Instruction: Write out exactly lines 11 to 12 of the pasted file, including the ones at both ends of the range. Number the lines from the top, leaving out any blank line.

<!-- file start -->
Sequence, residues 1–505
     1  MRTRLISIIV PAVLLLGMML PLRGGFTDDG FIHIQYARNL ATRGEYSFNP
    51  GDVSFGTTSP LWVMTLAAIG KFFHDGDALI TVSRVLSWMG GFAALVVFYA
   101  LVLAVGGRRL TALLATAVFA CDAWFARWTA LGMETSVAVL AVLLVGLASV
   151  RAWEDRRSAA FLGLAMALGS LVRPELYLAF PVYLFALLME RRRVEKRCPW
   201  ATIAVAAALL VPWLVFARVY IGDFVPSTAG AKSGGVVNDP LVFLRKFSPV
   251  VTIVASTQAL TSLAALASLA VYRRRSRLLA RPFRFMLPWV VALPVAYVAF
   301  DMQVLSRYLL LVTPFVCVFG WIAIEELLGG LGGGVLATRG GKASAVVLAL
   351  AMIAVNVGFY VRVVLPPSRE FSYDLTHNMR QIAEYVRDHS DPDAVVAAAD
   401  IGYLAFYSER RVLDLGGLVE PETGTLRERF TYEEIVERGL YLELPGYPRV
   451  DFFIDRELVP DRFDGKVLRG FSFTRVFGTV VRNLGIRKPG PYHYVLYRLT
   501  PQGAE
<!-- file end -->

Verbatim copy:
   451  DFFIDRELVP DRFDGKVLRG FSFTRVFGTV VRNLGIRKPG PYHYVLYRLT
   501  PQGAE